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Top Rated Comments   
This is a wonderful examination of those years and you touch on so much that was the germination point for the fields of fetid cultural debris we have to make our way through on a daily basis now.

I was a teen-ager during the JFK presidency and vividly remember those years. The media created the same giddy expectations for the Kennedy administration that they did for Obama, and they focused only on the superficial as they did in '08. With John and Jackie the media whetted the national appetite for a kind of insidious façade of glamour and sophistication that everyone felt they needed in order to be fulfilled. This reverberated throughout the culture and was the beginning of the know-nothing intellectualism and the ravenous consumerism we live with today. The brain dead intellectuals are now everywhere, running everything and consumerism has created nothing but greed, envy and great unhappiness.

The Camelot myth was not a fairytale, it was a nightmare and - as young as I was - I was mildly shocked that everyone around me totally believed it. The beginning of the dumbing down of America, I guess - a task that was completed with the introduction of massive amounts of drugs into all levels of society in the mid-'60s.
1 year ago
1 year ago Link To Comment
The intellectuals poisoned the well in the 1950's. Norman Mailer's "White Negro," not Port Huron, is where I trace the rot.

Mailer celebrated rape, rioting and race hatred by minorities towards anyone of accomplishment in any race. The whole thing unfolded just as he wished. Generations of hip young leftists treated that essay like a roadmap and Soul on Ice as a validation of their deepest wishes. Rabbit Redux captures the essence of this better than any other book, but you have to start with Rabbit Run to undrstand how much we lost.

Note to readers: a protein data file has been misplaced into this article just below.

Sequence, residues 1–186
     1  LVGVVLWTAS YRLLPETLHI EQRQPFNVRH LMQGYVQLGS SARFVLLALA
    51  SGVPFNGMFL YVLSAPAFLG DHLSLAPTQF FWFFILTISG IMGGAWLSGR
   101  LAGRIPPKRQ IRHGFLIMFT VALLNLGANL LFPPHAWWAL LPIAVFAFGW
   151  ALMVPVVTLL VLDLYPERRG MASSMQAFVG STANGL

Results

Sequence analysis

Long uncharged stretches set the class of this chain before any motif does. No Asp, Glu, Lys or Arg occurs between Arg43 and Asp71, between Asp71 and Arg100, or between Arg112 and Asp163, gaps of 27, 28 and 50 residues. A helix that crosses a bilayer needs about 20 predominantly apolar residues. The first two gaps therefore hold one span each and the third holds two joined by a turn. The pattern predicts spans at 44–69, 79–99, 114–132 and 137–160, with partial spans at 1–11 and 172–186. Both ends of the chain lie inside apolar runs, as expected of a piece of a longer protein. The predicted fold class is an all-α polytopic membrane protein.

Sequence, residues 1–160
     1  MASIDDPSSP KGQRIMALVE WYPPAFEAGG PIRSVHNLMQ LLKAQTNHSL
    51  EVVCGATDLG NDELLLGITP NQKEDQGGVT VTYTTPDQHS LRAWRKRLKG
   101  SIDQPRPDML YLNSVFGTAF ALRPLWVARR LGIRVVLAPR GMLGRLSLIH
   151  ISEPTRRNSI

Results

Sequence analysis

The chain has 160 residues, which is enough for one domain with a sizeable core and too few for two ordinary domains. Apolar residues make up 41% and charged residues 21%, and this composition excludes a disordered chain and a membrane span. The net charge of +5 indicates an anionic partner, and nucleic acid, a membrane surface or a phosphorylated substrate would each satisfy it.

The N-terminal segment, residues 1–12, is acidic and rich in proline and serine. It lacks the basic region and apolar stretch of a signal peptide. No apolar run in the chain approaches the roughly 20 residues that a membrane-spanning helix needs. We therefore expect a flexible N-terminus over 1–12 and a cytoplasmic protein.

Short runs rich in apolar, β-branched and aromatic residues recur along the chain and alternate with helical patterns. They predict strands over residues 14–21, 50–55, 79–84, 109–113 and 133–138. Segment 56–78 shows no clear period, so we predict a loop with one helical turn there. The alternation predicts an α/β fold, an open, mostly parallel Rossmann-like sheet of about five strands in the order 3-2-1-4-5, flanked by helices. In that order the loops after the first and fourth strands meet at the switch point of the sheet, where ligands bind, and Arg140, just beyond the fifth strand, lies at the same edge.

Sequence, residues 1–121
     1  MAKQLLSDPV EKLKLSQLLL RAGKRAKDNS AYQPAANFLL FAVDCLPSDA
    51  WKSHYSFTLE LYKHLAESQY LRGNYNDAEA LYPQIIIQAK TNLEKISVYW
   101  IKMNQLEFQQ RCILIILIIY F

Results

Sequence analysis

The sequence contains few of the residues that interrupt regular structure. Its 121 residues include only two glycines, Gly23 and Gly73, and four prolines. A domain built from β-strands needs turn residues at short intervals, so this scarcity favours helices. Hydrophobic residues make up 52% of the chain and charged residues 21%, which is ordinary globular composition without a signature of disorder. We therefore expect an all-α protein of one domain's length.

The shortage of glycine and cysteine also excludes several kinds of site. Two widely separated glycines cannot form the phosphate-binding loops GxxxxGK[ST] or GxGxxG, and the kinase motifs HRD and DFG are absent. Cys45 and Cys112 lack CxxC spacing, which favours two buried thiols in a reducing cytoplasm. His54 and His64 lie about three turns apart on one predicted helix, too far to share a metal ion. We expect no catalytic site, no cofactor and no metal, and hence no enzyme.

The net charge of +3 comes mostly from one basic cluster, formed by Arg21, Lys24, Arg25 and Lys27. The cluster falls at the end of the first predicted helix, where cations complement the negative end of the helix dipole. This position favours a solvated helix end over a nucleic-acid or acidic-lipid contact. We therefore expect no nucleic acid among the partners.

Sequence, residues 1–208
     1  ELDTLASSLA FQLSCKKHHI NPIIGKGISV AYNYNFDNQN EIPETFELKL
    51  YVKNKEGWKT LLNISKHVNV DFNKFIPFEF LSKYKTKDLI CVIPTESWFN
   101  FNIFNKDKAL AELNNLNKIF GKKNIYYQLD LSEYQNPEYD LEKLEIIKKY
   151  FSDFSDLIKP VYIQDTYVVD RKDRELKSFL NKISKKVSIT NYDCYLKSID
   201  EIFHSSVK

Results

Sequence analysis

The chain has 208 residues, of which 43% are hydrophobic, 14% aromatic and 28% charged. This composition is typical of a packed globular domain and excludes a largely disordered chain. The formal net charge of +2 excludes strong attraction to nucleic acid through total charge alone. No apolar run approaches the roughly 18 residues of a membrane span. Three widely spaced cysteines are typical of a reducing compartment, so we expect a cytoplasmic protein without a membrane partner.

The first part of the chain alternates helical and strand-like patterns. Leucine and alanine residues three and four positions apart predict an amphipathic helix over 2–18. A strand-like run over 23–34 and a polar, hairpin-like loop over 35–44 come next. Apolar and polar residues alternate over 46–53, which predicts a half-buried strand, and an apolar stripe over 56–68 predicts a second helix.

35 years later, illiterate minority children raised by illiterate mothers are taught by white leftist teachers to celebrate the fact that Bill Ayers tried to bash in cops' heads, and they aren't taught anything else.

It is just as Mailer wished it would be.
1 year ago
1 year ago Link To Comment
All Comments   (33)
All Comments   (33)
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Actually I feel you have to go back to the late 20's as the Communist infultration of the Federal Government got going. You need no other author to describe the future other than William Z. Foster and his unknown tome "Toward a Soviet America." He says what they will do under a National Dept. of Education, they have done it and nobody really knows. For the unknowing, Foster was alternatlly #1 & #2 in the CPUSA and is buried in the Kremlin, great American, Not!
1 year ago
1 year ago Link To Comment
It's bad form to remind people still alive, and "fundamentally" instrumental in the management, of the past if less than laudatory.

That's tantamount to placing blame. HOPING? for at the least a mea culpa from the miscreants. Instead with the fashion in non-judgement, personal feelings of "guilt "in the miscreants sufficient unto the day.

That same non-judgement of course does not apply to inhumane passive smoke killers, , patriots, members of "that vast right wing conspiracy" or critics and opponents to means, methods and aims of the present "holders" of the civic torch.

1968 So Yesterday. That's history. Only wrinklies could possibly care about anything that long ago. Unless of course "crimes against humanity" by people as offender and recipient who have been dead for over a century.Those we insist their progeny must pay for their crimes, as unto the fourth generation?

After all the catchword is "history begins with us". And we have the scions of the Mad Men and their managers in Media, Entertainment, Education and government ofthose days of yore in 1968 and following to whom we are grateful every day. Grateful, otherwise exiled from "good society" for their having showed us the right path.

No NOT the Right Path. "The Left Path". That ancient traditional path to righteousness and guilt free life.
1 year ago
1 year ago Link To Comment
Great post - the links very informative. I was a toddler in 1962 so the background was great to put things into perspective.
1 year ago
1 year ago Link To Comment
1968
Ya, I'm agonna have nightmares for awhile. It was an interesting post, and from the comments it reads like the blind men describing an elephant; it depends on what part of the creature you touched.

Aw hell, what difference does it make?
1 year ago
1 year ago Link To Comment